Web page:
It has been demonstrated that stress contributes to impairment of hippocampus-dependent memory . In addition, stress enhances inflammatory responses [21, 22]; heat stress also increases circulating levels of inflammatory cytokines, such as interleukin (IL)-6 and tumor necrosis factor (TNF)-α in blood . Furthermore, evidence suggests that systemic and central inflammation is directly involved in cognitive decline [24–26]. However, to date, it is unknown whether thermal stress may cause memory deficits associated with neuroinflammation in animals. Therefore, in the present study, we investigated the effects of heat stress on brain inflammation and the mechanisms underlying heat-induced cognitive impairment.
Rabbit monoclonal anti-glial fibrillary acid protein (GFAP) was purchased from Millipore Bioscience Research (Bedford, MA, USA). Rabbit anti-c-fos and cortisol enzyme-linked immunosorbent assay (ELISA) kits were purchased from Enzo Life Sciences (Farmingdale, NY, USA). Goat anti-heat shock protein 70 (HSP70), anti-doublecortin (DCX), rabbit anti-nuclear factor (NF)-kB, anti-cyclooxygenase-2 (COX-2) and mouse anti-β-actin were purchased from Santa Cruz Biotechnology (Santa Cruz, CA, USA). Rabbit anti-GFAP, mouse anti-neuronal nuclei (NeuN) and anti-inducible nitric oxide synthase (iNOS) were purchased from Millipore Bioscience Research (Bedford, MA, USA). Mouse anti-proliferating cell nuclear antigen (PCNA) was purchased from BD Transduction Laboratories (Franklin Lakes, NJ, USA). Rabbit anti-postsynaptic density protein 95 (PSD-95) and anti-cluster of differentiation molecule 11B (CD11b) were purchased from Abcam (Cambridge, MA, USA). Biotinylated horse anti-goat antibody, goat anti-rabbit antibody, rabbit anti-rat antibody, goat anti-mouse antibody, normal goat serum (NGS), normal horse serum (NHS), and avidin–biotin complex (ABC) were purchased from Vector Labs (Burlingame, CA, USA). Mouse anti-synaptophysin, paraformaldehyde (PFA), 3,3-diaminobenzidine (DAB), sodium chloride, sucrose, ethanol and phosphate buffered saline (PBS) and minocycline hydrochloride were purchased from Sigma–Aldrich (St. Louis, MO, USA). A protein assay kit was purchased from Bio-Rad Laboratories (Hercules, CA, USA). IL-1β and TNF-α ELISA kits were purchased from Ray Biotech (Norcross, GA, USA). The Nuclear/Cytosol Fractionation Kit was purchased from BioVision (Milpitas, CA, USA).
Animals, heat exposure, and drug treatments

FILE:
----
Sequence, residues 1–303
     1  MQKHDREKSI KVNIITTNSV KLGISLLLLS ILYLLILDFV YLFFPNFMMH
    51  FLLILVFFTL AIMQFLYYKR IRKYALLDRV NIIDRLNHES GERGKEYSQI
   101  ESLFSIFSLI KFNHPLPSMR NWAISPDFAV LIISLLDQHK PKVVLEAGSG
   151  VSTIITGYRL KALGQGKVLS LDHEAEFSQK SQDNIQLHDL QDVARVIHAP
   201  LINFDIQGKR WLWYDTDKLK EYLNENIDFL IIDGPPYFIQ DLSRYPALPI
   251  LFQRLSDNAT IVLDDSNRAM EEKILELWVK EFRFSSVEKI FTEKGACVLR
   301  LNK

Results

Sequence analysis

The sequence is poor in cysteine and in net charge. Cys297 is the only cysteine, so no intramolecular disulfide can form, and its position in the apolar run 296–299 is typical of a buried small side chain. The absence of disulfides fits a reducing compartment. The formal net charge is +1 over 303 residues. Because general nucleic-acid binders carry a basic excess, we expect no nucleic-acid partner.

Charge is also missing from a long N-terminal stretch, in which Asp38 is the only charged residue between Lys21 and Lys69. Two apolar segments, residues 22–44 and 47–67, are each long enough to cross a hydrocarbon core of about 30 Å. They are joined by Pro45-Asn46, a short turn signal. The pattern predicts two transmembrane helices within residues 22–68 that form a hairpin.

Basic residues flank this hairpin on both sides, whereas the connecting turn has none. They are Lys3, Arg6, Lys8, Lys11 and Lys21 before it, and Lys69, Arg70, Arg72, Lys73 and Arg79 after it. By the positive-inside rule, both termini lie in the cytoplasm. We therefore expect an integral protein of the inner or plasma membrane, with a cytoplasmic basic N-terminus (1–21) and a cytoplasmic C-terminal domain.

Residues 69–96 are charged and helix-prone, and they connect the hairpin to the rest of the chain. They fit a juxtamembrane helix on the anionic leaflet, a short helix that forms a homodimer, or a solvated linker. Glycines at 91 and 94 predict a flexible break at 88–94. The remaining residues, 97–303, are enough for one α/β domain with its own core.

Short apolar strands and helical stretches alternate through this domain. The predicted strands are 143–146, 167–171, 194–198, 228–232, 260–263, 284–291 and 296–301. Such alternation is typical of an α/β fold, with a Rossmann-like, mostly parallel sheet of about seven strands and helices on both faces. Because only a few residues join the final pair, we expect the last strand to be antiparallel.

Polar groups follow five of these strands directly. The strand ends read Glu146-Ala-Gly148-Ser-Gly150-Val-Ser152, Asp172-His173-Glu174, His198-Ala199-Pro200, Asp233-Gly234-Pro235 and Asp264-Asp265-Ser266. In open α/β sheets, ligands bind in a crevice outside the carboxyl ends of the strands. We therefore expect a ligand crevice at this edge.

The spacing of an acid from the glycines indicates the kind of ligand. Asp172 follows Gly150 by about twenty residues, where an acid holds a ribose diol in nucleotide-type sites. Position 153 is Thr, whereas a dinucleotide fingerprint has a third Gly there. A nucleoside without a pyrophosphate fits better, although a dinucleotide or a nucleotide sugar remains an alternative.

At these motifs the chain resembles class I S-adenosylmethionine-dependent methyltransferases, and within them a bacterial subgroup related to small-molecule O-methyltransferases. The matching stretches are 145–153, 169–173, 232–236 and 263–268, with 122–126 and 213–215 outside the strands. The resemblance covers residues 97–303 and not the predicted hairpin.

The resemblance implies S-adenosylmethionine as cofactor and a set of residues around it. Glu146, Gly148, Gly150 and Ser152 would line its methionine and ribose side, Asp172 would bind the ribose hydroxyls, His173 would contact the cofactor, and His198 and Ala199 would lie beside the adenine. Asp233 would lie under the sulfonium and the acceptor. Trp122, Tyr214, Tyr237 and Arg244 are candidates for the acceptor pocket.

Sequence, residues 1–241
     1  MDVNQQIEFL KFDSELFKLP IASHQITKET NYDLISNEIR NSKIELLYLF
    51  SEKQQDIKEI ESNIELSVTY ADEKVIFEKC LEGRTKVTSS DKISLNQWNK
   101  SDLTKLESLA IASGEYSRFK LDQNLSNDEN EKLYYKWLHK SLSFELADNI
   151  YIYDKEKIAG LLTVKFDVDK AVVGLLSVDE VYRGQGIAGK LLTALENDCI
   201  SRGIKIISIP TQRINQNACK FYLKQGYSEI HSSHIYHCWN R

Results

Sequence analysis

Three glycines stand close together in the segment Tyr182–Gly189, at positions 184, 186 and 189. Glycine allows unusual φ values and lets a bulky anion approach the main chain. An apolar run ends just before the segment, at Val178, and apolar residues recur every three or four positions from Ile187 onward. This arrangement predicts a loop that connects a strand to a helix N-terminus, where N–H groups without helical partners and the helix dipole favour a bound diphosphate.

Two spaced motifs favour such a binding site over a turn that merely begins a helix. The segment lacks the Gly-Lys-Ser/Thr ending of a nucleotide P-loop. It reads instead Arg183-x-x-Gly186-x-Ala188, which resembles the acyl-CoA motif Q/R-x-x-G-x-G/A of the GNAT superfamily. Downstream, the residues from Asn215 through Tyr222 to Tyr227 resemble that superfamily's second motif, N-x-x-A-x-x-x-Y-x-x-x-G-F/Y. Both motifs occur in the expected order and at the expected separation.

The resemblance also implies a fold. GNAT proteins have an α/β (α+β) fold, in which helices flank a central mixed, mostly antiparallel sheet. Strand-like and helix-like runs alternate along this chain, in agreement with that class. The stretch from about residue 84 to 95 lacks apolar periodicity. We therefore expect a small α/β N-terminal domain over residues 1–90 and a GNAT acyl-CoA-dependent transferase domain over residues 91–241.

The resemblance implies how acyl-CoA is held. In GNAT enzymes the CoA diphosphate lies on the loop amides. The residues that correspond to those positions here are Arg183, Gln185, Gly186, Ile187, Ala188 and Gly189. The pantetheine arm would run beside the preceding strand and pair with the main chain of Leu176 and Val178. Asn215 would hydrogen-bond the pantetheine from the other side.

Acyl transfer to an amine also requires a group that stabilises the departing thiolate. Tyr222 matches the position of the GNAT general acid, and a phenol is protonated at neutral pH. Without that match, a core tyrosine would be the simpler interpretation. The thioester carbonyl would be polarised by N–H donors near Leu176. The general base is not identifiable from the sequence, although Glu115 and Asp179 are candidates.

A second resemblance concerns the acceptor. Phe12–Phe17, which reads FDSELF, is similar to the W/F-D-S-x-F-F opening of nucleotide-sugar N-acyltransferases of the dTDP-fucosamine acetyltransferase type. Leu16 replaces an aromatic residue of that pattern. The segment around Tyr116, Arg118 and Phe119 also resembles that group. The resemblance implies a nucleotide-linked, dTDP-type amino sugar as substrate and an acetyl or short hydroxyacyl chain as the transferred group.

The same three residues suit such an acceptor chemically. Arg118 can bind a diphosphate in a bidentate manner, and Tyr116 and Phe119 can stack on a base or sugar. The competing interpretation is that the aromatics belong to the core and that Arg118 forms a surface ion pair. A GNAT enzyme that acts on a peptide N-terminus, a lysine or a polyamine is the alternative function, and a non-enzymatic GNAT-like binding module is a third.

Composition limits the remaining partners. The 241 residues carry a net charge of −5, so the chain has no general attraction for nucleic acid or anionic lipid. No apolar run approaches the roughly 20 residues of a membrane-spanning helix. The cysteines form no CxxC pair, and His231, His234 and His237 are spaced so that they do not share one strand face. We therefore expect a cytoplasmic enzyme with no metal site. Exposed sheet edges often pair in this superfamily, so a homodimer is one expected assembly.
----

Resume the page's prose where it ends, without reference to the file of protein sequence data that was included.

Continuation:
Male imprinting control region (ICR) mice (7 weeks old, 30–32 g) were purchased from the Orient Co., Ltd., a branch of the Charles River Laboratories (Seoul, Korea). The mice were divided randomly into four groups: (1) control, (2) 7-day, (3) 14-day, and (4) 42-day groups. Groups 2–4 were exposed to heat stress once a day for 7, 14, or 42 days, respectively. The animals were housed six per cage (size: 40 cm length, 25 cm width, and 18 cm height) with free access to water and food and were kept under constant temperature (23 ± 1 °C) and humidity (60 ± 10 %) and a 12-h light/dark cycle (lights on at 7:00 a.m. and off at 7:00 p.m.). Animal maintenance and treatments were performed in accordance with the Animal Care and Use Guidelines of Kyung Hee University, Seoul, Korea (approved number; KHP-2014-05-2). Within 1 week of arrival, the mice were adapted to their surroundings for 7 days and kept under the same conditions before the start of the study. To avoid the influence of diurnal cycling, heat exposure began at approximately the same time each day. Heat exposure was achieved by transferring the mice from their home cage into a chamber (Jeio Tech, Daejeon, Korea) maintained at 43 °C and 60 ± 10 % humidity for 15 min once a day. Body weight changes were measured using an electronic balance (OHAUS Corporation, Parsippany, NJ, USA). Body temperature changes were measured using a TC-1000 temperature controller (CWE Inc., Ardmore, PA, USA) inserted into the ear and rectum after terminating heat stress. Mice were subsequently moved back to room temperature. We performed three behavioral tests following the last heat exposure (Additional file 1: Figure S1). For the examination of the anti-inflammatory effect of minocycline, male ICR mice (7-weeks old, 30–32 g) were divided randomly into three groups: (1) normothermic control, (2) heat stress, and (3) heat stress and minocycline treatment. Group (2) and (3) were exposed to high temperature and treated with vehicle (distilled water and saline) and minocycline (50 mg/kg, IP), respectively, once a day for 14 days (Additional file 2: Figure S2).